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From André Warnier (tomcat) ...@ice-sa.com>
Subject Re: java.lang.OutOfMemoryError: PermGen space
Date Fri, 21 Oct 2016 08:33:55 GMT
On 21.10.2016 09:46, Moore, Jon, Vodafone UK wrote:
> Thanks Chris. (and to everyone else who has replied)
>
> Yes I am a novice at Java as well. I support the IVR system that points to the application
servers and have ended up trying to resolve this issue as our developers of the applications
can't help.
>
> The way we are told on the training to deploy the application in the IVR is to use the
deploy/un-deploy options in tomcat manager. I have also seen a colleague make a copy of the
applications war file away from its normal folder (webapps), stop the tomcat Windows service,
delete the applications deployed folder and restart the tomcat windows service to re-deploy
the application.
>
> I have tried to run the commands you suggested from a CMD box but nothing gets outputted.
>

Some additional info :

When Tomcat is running as a Service under Windows, the Java command-line switches (which 
allow to control the Java memory sizes among other tings), are stored in the Windows 
Registry.  The Windows Tomcat-as-a-Service installation includes a program (named 
"tomcat(version)w.exe", which is a kind of GUI Registry Editor, specially for these 
Java/Tomcat related parameters.  Normally, this program is running, and appears as a small

Apache icon at the bottom right of the console.
That is the program that you should use, to change the Java startup parameters, and 
stop/start Tomcat.

As explained in previous posts here on this list, and in some of the articles to which I 
pointed you in Google, it may be that your issue is only that the default PermGen size, is

insufficient for your application(s), and that just increasing the Java PermGen size would

solve the problem definitely.

Or not, if the application is flawed. But you can at least try.

For the full story about tomcat(x)w.exe, try the Tomcat FAQ (which does not seem to be 
on-line right now, or very slow), and look for an article entitled "what are tomcatx.exe 
and tomcatxw.exe".
Ah, here : http://wiki.apache.org/tomcat/FAQ/Windows


>
> -----Original Message-----
> From: Christopher Schultz [mailto:chris@christopherschultz.net]
> Sent: 20 October 2016 17:40
> To: Tomcat Users List
> Subject: Re: java.lang.OutOfMemoryError: PermGen space
>
> -----BEGIN PGP SIGNED MESSAGE-----
> Hash: SHA256
>
> Jon,
>
> On 10/20/16 6:00 AM, Moore, Jon, Vodafone UK wrote:
>> I have a problem where our customers application server stops working
>> intermittently and when we check the Tomcat logs we get the message "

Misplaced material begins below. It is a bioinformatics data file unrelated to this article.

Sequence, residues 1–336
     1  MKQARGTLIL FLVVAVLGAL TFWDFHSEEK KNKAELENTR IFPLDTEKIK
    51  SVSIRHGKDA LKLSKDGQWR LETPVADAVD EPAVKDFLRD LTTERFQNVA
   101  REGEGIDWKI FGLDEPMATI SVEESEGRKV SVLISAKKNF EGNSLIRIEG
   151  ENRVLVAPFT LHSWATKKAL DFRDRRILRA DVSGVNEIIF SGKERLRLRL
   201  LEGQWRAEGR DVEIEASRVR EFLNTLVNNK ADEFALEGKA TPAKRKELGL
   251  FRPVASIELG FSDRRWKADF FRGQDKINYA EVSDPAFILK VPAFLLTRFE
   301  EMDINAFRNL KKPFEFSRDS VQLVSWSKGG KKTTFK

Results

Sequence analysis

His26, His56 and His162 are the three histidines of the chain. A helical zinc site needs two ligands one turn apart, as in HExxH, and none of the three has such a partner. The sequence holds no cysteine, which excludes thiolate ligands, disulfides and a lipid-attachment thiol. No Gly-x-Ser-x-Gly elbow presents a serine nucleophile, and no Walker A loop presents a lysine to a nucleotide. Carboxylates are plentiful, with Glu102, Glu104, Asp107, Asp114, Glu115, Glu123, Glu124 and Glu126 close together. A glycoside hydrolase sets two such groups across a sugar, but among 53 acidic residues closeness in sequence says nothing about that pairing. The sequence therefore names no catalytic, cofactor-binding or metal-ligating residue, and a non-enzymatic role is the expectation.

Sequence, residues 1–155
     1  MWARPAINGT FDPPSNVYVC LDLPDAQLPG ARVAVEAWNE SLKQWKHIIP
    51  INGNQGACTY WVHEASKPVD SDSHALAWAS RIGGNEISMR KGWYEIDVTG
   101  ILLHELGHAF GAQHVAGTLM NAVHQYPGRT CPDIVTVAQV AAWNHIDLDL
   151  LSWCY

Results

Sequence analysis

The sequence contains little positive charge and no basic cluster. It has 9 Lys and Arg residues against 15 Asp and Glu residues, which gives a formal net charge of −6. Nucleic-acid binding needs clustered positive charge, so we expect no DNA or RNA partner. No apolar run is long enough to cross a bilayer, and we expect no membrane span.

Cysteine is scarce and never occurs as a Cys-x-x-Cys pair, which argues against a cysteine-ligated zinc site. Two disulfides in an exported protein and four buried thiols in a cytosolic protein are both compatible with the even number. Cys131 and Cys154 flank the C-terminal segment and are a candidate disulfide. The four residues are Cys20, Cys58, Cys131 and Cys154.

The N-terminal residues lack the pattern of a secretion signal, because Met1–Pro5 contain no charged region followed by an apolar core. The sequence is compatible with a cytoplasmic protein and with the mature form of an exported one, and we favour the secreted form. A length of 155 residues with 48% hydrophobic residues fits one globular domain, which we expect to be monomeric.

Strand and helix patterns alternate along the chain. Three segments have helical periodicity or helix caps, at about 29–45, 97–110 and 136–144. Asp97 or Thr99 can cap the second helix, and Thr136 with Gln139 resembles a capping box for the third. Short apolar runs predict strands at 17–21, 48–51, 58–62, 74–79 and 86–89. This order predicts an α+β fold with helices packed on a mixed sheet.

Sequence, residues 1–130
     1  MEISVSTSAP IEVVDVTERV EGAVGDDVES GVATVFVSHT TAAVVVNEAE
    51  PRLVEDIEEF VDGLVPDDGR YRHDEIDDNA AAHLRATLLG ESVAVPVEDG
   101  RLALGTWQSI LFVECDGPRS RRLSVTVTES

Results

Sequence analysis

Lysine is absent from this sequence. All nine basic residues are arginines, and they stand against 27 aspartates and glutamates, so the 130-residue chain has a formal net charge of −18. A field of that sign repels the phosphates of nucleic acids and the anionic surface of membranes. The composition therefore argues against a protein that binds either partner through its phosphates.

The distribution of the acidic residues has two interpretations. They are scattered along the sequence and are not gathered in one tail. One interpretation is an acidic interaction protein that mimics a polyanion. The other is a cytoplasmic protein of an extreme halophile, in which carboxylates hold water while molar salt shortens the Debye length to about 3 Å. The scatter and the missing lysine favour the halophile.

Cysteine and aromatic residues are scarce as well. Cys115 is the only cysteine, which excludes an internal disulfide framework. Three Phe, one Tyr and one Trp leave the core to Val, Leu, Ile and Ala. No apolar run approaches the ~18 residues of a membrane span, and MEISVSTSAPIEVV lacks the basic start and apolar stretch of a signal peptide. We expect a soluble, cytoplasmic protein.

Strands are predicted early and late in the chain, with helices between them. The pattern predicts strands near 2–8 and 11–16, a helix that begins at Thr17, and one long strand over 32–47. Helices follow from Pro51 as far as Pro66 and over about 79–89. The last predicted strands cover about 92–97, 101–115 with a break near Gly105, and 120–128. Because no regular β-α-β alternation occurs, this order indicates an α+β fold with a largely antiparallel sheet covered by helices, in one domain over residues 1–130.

>> java.lang.OutOfMemoryError: PermGen space" but the Tomcat service is
>> still running, and we have to restart the Tomcat service. I am a
>> complete novice when it comes to Tomcat but am expected to resolve
>> this issue as this server is part of the Avaya telephony solution.
>>
>> I have 2 questions please.
>>
>> 1 - What would be causing this.
>
> Are you also a Java novice as well? No judgement... I just want to adjust my level of
snark appropriately :)
>
> Java has a special heap space called the "permanent generation" (a term which becomes
less descriptive as time goes on) but basically all java.lang.Class objects loaded by the
JVM go there. The more libraries and other stuff that gets loaded, the more space in permgen
is used.
> The defaults for the size of permgen are often fairly small, and you may have to raise
them. This is especially true for applications that use large frameworks like Spring.
>
> Raising the permgen space is almost always the right decision under normal circumstances
when you get an OOME:permgen error. I would double whatever its current value is and monitor
the application for a while to see if that improves things.
>
> The only situation I know of where raising the permgen size is not the right move is
when there is a "classloader-pinning leak". That happens when you hot-deploy an application
many times, but the old versions of the application are not undeploying cleanly. This situation
is quite the rabbit-hole, so I'll stop there unless you can confirm that you do hot-deployments
without restarting Tomcat and the JVM.
>
> If you instead get OOME for other reasons, it's frequently NOT the right decision to
increase the heap size because it usually indicates that there is a memory leak in the application
and giving it more heap just means you'll wait longer between failures. Instead, the application
should be fixed to not leak memory :)
>
>> 2 - What are the default Java memory settings for Initial memory pool,
>> maximum memory pool size and thread stack size when the fields are
>> blank when you use the "Configure Tomcat" interface on Windows. I was
>> wondering if changing one or more of these settings would help ?
>
> The default depends upon the JVM and the OS.
>
>> We are running Tomcat 6.0.26 on Windows Server 2008 R2 standard and
>> JVM version is 1.6.0_20-b02
>
> Best way to find out for sure[1] is:
>
> C:\> java -XX:+PrintFlagsFinal -version 2>&1 | findstr HeapSize
>
> The two settings you are looking for are MaxHeapSize and InitialHeapSize. Those values
are in bytes, so you'll probably have to divide by 1024 a couple of times to get at the "real"
value in human-readable terms.
>
> The best way to find the default permgen size is:
>
> C:\> java -XX:+PrintFlagsFinal -version 2>&1  | findstr PermSize
>
> Hope that helps,
> - -chris
>
> [1]
> http://stackoverflow.com/questions/2915276/what-is-the-default-maximum-h
> eap-size-for-suns-jvm-from-java-se-6
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